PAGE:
"Metropol Parasol" is a new landmark of the city of Seville - a place of identification and presentation of Seville's role as one of the most fascinating cultural places in Spain.
"Metropol Parasol" offers the potential to make the Plaza de la Encarnación into a new contemporary urban center. The role of this unique urban space in the center of the dense structure of the medieval old town of Seville provides a wide variety of differentiated activities, from the presentation of local history to recreation and shopping. The well developed infrastructure makes the place very alive as a destination for tourists and for citizens of the city.
The concept of "Metropol Parasol" with the large mushroom-like structures in the basement houses an archaeological museum, an indoor market place at street level, an elevated plaza for events, a bar, restaurants and a panoramic tour on top of the Parasols. The polyurethane-coated timber structure grows out of the level of the archaeological excavation as a logo for the city. The multi-functional range of uses of the "Metropol Parasol" initiates a dynamic development of cultural and commercial facilities in the heart of Seville.
More than 3000 free-formed timber elements with different height and variable width The timber mega-structure of the Metropol Parasol is about 150 m long, 75m wide and 28m high. It consists of laminated veneer lumber Kerto-Q panels which are arranged on an orthogonal grid of 1.50 m x 1.50 m. The height of the free-formed timber elements is depends on the structural loading. At the less loaded perimeter it is ca. 30 cm and rises to about 3.00 m at the transition to the trunks. The variation of the structural thickness is the result of an iterative, static computer simulation (see below) and ranges between 7cm and 22cm, depending on the particular loads. The orthogonal timber structure is stiffened by steel diagonals, which are located mainly underneath the walkways. The structure of the Metropol Parasol therefore works as a rigid bi-directional timber lattice shell. The more than 3000 different wood elements are made in Aichach near Munich in Germany, and together for a total volume of 2500 m³ laminated veneer lumber.
New timber protection concept with polyurethane coating
The timber structure has no roof and therefore must be protected from the weather. For this, the architects developed a new system for the timber preservation: the timber is directly coated with a waterproof but vapor-permeable 2-3mm thick 2-component polyurethane coating. Together with a colored top coat, this results in a new, up to now unknown protection for timber surface.
Innovative special bonding for the structural connection detail Crucial for the behavior of the Metropol Parasol are the more than 3000 connection nodes at the intersections of the timber elements. Engineers at Arup and FFM developed an innovative connection detail based on glued-in steel bars, which at the same time are optimized for rapid erection on site. A thermal computer analysis by Arup revealed that the hot climate of southern Spain would be a particular challenge for the connection detail - a result that the thermal simulation and testing at the Fraunhofer Institut confirmed. The engineers at Arup and FFM then developed a new bonding process, especially for use in hot Seville. This development was supported by the WEVO-Chemie and the glue specialist Borimir Radovic. Experiments carried out on the connection detail at the University of Augsburg and the University of Stuttgart confirmed the proposed design.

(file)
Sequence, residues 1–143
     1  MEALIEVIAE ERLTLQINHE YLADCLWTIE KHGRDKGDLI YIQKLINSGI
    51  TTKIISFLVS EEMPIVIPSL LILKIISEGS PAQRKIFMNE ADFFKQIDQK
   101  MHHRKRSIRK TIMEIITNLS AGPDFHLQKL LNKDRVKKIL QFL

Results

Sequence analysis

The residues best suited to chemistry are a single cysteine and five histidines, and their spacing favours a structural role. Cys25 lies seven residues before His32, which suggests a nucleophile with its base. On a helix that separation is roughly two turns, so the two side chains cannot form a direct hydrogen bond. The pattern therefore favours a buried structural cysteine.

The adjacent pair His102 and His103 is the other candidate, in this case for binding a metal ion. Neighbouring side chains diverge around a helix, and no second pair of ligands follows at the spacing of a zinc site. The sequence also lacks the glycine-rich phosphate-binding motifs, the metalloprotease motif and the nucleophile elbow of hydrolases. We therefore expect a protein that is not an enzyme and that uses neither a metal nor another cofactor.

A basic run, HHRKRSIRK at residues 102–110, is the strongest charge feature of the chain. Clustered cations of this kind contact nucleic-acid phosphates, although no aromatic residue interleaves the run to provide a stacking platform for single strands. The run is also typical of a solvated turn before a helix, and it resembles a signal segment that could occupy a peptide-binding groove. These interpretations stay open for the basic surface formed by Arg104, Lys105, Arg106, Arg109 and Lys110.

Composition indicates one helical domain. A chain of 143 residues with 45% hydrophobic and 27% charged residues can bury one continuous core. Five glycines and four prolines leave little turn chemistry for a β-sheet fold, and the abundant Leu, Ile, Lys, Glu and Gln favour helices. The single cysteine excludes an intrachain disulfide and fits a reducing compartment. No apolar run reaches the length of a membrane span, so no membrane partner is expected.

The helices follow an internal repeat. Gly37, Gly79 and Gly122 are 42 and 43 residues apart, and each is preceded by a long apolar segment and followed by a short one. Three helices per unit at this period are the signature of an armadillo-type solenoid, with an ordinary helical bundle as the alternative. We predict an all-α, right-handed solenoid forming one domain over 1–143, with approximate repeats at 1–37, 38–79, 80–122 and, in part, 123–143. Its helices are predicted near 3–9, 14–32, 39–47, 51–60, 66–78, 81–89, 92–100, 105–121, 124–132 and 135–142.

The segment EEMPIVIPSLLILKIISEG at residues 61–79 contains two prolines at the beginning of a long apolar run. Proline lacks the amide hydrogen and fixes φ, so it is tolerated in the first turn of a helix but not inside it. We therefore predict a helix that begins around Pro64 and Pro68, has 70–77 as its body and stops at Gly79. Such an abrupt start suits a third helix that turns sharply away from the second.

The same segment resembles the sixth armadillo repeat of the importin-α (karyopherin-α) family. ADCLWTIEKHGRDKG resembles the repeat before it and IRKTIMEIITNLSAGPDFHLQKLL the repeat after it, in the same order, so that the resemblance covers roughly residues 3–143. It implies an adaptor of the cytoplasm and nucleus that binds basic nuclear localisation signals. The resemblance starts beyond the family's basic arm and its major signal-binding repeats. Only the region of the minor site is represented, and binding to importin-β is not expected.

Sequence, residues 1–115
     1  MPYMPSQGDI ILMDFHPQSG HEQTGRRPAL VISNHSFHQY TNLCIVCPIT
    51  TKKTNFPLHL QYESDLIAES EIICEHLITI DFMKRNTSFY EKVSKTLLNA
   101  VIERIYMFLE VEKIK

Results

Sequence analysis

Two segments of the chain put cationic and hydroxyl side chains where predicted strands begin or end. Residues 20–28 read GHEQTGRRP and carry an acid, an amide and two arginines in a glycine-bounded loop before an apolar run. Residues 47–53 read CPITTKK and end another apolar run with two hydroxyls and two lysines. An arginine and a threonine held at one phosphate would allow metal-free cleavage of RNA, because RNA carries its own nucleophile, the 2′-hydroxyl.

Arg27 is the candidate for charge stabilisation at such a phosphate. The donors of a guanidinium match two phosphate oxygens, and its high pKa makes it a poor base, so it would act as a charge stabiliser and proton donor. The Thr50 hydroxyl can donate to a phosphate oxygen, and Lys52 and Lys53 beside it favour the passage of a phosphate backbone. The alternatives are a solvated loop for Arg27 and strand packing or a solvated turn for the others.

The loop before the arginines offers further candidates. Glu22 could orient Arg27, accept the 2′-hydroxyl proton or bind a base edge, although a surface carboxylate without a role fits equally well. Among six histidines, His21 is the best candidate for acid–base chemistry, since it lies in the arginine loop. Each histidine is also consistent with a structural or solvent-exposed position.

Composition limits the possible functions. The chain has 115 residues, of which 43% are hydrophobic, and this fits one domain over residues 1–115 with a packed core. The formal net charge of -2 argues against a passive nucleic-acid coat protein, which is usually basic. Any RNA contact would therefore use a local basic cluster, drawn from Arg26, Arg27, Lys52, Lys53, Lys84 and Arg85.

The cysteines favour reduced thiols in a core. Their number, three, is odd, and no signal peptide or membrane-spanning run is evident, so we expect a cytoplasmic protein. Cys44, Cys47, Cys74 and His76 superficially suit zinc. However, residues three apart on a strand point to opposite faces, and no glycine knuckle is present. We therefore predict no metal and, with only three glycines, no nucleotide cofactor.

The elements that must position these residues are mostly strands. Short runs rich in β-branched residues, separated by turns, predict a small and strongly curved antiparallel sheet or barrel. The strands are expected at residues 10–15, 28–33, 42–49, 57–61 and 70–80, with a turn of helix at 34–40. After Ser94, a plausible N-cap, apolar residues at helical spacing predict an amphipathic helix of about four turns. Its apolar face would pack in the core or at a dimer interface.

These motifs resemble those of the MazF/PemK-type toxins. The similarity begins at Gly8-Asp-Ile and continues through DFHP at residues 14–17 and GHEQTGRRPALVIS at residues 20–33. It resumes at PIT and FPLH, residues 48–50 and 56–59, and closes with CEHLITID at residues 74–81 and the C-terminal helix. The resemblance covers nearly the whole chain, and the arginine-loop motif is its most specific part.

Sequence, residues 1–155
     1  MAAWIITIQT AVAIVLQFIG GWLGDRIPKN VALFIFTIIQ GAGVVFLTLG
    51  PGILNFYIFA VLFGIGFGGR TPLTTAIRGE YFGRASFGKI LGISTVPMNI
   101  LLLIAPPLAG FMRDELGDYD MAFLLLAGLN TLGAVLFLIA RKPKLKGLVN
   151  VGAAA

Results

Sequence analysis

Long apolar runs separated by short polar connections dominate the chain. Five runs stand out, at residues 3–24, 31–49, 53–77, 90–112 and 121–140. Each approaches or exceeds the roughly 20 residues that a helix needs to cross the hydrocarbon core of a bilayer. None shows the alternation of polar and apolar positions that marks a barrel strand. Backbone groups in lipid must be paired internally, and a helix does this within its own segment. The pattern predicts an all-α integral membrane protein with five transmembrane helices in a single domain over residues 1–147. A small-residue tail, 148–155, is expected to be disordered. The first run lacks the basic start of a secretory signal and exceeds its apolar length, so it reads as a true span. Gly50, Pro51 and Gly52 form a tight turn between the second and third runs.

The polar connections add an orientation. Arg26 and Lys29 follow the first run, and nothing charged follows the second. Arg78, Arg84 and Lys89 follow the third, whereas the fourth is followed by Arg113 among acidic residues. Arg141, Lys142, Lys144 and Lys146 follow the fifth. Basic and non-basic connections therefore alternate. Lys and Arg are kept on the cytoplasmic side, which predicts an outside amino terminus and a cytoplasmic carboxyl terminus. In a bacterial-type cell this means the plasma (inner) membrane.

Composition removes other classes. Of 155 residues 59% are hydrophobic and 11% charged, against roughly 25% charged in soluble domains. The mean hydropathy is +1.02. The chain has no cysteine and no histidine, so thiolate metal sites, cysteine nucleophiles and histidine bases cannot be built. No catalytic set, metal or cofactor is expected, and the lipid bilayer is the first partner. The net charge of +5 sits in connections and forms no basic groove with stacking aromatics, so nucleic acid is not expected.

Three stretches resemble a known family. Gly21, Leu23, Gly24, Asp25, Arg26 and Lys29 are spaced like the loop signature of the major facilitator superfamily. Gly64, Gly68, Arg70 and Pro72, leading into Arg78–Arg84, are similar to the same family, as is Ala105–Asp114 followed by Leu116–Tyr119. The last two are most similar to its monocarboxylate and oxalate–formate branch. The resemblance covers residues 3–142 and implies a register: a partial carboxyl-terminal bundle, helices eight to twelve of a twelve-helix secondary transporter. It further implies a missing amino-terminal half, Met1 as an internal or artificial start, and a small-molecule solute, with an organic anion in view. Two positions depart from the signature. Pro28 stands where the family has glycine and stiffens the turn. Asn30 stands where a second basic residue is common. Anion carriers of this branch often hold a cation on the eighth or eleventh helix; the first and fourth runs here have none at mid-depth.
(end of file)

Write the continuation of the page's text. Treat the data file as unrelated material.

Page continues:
Continuous electronic data transfer
The project Metropol Parasol was only conceivable as a result of an integrated design team of architects, structural engineers, building services, fire prevention specialist and the timber contractors. Prerequisite for the planning here was the complete electronic data exchange between all planning partners, including the general contractor, in all locations in Germany and Spain. The data from the architect model (JMH) could be integrated directly into the programs of the structural engineers (Arup) and the timber contractor (FFM) and then electronically processed.
Automated iterative structural analysis
The geometric data for the 3D architectural model is the input data for the structural analysis. Using a specially written software tool these data are extracted and then processed using the in-house computer program of the structural engineer. The structural calculation itself requires a highly complex, 3D finite element analysis. Here the structural engineers at Arup developed an automated iteration tool with which the thickness of each timber element can be determined and optimised at each intersection of the structure. All relevant data are automatically read out from the structural analysis and forwarded electronically to the timber contractors and architects.
Computer aided manufacturing process
The data from the architectural model (JMH) are finally integrated with the data of the structural engineer (Arup) in the 3D model of the timber contractor (FFM) and combined with additional data from the production and detailed planning. The final results are specifications for the detailed design by external engineers (IB Harrer) and, after a similarly iterative process, data for the manufacturing process. The free-formed pre-defined curved shapes of the timber panels are cut by a computer-controlled robot from large rectangular panels, and glued together from single thin veneer plywood, optimised so as to minimise cut loss. Any detail adjustments and pre-assembly of the connection elements for the subsequent details of the elements are carried out in Germany before the 3000 elements are sent by truck to southern Spain. There the elements are PU coated on site by a local company before they are delivered to Finnforest Merk on site for erection according to the established method.